Let’s Actually Deliver!

The whole purpose of software development is to deliver working software, so I am continually amazed how many people in the process do not want to deliver.

  • QA complains about every little bug
  • UAT complains about every little bug
  • Customer complains about needing training

Apparently anything less than perfect software is not acceptable by these folks.

Sorry, guys. Perfect is going to take awhile. In the meantime, why don’t you take this release which is miles better than the previous?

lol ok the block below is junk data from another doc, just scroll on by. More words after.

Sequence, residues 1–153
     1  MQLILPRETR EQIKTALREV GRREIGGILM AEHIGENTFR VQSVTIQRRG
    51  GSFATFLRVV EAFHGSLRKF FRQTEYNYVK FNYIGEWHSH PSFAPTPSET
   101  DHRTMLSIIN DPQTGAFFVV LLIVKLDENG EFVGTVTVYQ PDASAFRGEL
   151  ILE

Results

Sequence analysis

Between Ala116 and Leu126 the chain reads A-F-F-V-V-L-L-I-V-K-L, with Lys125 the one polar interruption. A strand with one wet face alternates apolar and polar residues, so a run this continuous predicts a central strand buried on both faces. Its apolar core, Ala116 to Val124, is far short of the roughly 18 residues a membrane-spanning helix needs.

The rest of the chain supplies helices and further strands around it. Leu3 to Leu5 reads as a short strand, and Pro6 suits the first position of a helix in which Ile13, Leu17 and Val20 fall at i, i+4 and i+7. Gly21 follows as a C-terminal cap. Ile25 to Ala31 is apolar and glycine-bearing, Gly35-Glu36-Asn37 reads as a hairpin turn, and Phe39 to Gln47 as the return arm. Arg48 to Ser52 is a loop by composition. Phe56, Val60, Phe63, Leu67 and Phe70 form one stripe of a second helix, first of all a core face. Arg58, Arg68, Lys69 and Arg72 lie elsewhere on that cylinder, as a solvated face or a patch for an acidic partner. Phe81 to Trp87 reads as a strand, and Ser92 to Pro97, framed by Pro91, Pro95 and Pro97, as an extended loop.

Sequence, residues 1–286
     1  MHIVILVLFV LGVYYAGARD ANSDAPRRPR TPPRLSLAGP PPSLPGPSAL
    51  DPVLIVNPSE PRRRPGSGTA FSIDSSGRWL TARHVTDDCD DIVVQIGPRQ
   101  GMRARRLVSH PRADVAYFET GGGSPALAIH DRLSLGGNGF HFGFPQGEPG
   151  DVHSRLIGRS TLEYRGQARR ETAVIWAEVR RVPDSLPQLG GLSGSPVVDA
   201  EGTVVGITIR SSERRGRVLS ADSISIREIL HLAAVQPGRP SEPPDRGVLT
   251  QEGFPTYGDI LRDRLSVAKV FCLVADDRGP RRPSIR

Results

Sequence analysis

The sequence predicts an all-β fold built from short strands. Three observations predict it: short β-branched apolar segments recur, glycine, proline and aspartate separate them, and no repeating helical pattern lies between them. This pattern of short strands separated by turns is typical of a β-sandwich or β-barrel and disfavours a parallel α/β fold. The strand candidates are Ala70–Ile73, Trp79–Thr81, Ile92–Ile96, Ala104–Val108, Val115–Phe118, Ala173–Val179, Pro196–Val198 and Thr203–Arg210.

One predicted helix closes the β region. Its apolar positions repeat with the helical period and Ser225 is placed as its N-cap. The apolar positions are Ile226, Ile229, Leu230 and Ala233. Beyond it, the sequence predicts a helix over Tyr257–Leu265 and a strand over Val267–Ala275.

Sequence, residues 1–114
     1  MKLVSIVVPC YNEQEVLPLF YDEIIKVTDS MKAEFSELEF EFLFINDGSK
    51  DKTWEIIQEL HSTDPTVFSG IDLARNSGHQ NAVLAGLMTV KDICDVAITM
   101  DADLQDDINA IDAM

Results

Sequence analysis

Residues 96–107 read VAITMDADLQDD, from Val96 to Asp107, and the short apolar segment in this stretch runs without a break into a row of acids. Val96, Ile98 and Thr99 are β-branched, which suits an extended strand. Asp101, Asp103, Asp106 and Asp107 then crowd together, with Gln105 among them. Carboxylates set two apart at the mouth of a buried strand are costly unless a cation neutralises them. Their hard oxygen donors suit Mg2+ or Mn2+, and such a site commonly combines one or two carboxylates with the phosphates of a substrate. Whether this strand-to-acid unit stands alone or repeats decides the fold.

Perfect is the enemy of the good. Often the cost-benefit of perfect shows that it is not worth it. Spending days of programmer time to save some admins a couple of seconds is value destroying.

Even if you spent the time to get to perfect, you will find that the definition of perfect has changed. Look at Microsoft Word – 15 years in development comprising hundreds, if not thousands, of programmer-years and still not perfect. Of course, the current version would have been seen as spectacular 15 years ago, but today people still find things to complain about. 

Duke Nukem Forever fell into this trap – trying to be the perfect game when the definition of the perfect game constantly moved.

The criteria should be, is this release a step forward or a step back? If it is forward progress, then deliver!

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